Review: The Zombie Survival Guide: Complete Protection from the Living Dead
The Zombie Survival Guide: Complete Protection from the Living Dead by Max Brooks
My rating: 4 of 5 stars
I didn’t think it was possible for me to like this book. I expected some jokey coffee-table stupidity, I guess. Instead, what I found was both a great survival manual as well as a dead-serious consideration of the zombie mythos in general. Max Brooks (son of Mel Brooks) has written the best criticism of a tired subgenre that I’ve ever seen, and I think anyone who writes a zombie story from this point forward should at least read through this once.
While I don’t agree with every argument Brooks makes (e.g., I can think of several reasons why if the brain continues to function some vestigial behavior patterns could remain), his commitment to a scientific approach to the genre leads in some delightful directions (like zombies walking across the ocean over long periods of time — love that idea!).
Further, I feel this book highlights something about the world of zombie fiction (and, in a more general sense, all disaster stories and apocalyptica) and the role it plays for the reader (or the viewer): namely, that most of the fun of such stories is in the fantasy of a world where survivalism becomes once again paramount. By writing a book that is a straight-up survival manual, he trims a lot of the fat off what has become a lot of rote, by-the-numbers situational drama in a lot of stories that all end up feeling very similar. Instead, he gives his reader the interesting bits regarding what might work well, what might not work at all, and what might end up in disaster. Thinking about the potential for zombies to still swarm on a secluded island, as well as the threat pirates pose to such a place, is both more interesting and also briefer than sitting through another modern-day, half-baked schlock-a-thon.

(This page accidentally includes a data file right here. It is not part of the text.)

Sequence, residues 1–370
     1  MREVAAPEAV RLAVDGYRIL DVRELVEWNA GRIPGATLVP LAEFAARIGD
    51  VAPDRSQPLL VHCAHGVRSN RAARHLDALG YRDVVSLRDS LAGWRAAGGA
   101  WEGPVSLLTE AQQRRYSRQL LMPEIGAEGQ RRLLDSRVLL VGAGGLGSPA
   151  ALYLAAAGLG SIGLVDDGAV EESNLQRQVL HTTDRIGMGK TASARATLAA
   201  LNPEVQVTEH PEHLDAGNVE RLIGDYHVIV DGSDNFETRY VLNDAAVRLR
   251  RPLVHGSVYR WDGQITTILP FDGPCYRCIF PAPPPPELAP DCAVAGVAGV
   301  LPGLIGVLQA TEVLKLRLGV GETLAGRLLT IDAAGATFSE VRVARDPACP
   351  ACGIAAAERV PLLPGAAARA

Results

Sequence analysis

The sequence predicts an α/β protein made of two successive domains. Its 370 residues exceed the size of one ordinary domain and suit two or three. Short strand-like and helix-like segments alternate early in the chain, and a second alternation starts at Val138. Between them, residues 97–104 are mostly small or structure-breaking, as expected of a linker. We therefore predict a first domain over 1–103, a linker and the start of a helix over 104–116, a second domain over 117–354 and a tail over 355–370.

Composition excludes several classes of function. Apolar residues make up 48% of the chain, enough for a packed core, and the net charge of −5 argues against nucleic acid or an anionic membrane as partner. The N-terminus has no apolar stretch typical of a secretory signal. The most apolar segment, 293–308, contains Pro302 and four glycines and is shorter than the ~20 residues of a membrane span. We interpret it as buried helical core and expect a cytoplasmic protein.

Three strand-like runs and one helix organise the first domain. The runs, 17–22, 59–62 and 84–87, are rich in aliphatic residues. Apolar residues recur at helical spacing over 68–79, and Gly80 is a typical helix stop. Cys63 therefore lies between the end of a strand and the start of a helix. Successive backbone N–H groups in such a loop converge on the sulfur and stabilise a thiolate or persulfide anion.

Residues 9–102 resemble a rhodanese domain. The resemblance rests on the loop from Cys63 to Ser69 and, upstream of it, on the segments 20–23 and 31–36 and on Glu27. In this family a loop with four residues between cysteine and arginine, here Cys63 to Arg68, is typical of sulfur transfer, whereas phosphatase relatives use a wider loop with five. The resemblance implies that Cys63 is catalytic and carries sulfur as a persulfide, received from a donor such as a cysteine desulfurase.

I didn’t find the final third (brief accounts of zombie invasions through history) as compelling, but I did appreciate it in concept (Brooks really displays his history-buff side, and I like that, in theory). Even so, I’m interested in now giving World War Z a read, if only to see if Brooks can follow his own rules in a longer narrative format.
Those looking for a suspenseful horror novel or a humorous take on this material will probably not enjoy this book, but for anyone (like me) who enjoys watching impressive and straight-faced brainpower applied to a pop fiction mythology, look no further.